SD cards are said to have a finite life. If you are planning on running a Raspberry Pi 24x7x365, there are some steps that you can take with GNU/Linux to extend the life of the card: here are some ideas.
The open source revolution
My thoughts on why businesses and individuals need to start thinking about switching away from proprietary (and high maintenance) software like Windows, and look at open source and free software instead like GNU/Linux. All articles are based on real world and everyday experiences with Windows and GNU/Linux, for both business and personal use.
After administering Linux and Windows for over 17 years in multiple environments, my focus of this blog is to document my adventures in both operating systems to compare the two against each other. Past and present experiences have shown me that Linux can replace Windows and succeed in a vast variety of environments. Linux has proven itself many times over in the datacentre and is more than capable for the desktop.
The Raspberry Pi has found its way in to the hobbyist market for computing, but it is also very capable for other business and personal use as well. An extremely low power draw, small form factor, no noise, solid state storage, and other features make it an attractive solution for a small and lightweight server.
CentOS has long been considered a server operating system, but it is a very capable and stable platform for the desktop as well with long term support.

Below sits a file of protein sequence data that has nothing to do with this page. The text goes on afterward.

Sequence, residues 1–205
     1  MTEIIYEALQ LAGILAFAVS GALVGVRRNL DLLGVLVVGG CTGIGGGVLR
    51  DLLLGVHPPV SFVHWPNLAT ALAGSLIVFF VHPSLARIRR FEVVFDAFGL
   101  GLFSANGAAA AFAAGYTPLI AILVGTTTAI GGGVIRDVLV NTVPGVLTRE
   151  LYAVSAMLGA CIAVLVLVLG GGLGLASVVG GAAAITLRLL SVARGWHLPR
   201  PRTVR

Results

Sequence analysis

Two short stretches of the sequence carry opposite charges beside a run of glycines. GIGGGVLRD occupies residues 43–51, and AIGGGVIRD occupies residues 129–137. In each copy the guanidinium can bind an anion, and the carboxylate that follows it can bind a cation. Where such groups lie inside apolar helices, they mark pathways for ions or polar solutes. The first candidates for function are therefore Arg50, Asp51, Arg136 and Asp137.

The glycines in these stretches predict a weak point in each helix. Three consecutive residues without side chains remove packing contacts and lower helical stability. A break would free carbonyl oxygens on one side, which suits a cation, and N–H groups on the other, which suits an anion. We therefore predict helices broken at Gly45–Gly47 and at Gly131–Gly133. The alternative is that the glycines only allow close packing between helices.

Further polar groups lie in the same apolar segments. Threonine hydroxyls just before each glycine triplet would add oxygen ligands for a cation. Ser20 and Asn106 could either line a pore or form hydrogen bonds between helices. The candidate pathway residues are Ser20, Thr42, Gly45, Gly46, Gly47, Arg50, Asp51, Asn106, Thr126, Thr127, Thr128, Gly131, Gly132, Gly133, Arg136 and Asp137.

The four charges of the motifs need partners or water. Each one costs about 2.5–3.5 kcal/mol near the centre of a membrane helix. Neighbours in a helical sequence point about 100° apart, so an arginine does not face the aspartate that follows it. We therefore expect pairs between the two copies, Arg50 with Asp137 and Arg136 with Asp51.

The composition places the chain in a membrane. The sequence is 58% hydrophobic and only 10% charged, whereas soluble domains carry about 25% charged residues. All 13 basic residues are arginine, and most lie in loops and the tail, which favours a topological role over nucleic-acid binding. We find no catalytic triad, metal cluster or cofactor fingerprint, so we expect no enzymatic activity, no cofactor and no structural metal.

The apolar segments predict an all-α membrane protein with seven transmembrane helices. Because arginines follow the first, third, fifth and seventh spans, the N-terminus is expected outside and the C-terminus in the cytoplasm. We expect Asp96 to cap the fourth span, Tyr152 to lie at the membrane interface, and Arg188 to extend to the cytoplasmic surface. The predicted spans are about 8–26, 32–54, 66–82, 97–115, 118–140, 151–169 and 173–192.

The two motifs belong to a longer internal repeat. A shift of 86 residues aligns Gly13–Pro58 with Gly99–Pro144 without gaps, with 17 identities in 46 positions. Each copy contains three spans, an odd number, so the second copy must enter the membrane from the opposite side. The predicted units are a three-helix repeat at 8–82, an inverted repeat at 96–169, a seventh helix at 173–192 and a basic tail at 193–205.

It's finally time for me to leave the Gnome Desktop, thanks to Gnome 3. Fortunately for me, the MATE desktop is a continuation of the Gnome 2 Desktop, and as of Fedora 18, is integrated into the Fedora repository; it's also fairly easy to install.
Fedora has listened to its user base, and will be addressing the desktop issues that have plagued recent GNU/Linux distributions.
I am still running Fedora 14 on some machines, and I have been holding off on upgrading to a newer version of Fedora ever since, all because this was the last version of Fedora to have Gnome 2. I've deployed some PCs since, with Fedora 16 and Gnome 3 and have enabled Fallback Mode for those users to retain the familiar menu system and desktop of Gnome 2.
Recently it was announced that Microsoft is going to support Linux on its Azure cloud platform. At first glance, this sounds great, right?
Those of us using GNU/Linux have probably heard about the UEFI Secure Boot scheme and how it demonstrates Microsoft's strong grasp on PC hardware vendors. If you are not quite sure what UEFI Secure Boot is yet, I highly advise reading up on it as new PCs will begin to have this feature enabled by default in the near future to comply with Microsoft's requirements for Windows 8.
One of the most common tasks I face is copying profile data among computers, in both Windows and Linux. And as you would expect, both operating systems handle the profile data very differently.
I've always been skeptical at using Mono and Moonlight. In fact, I've always avoided them if possible.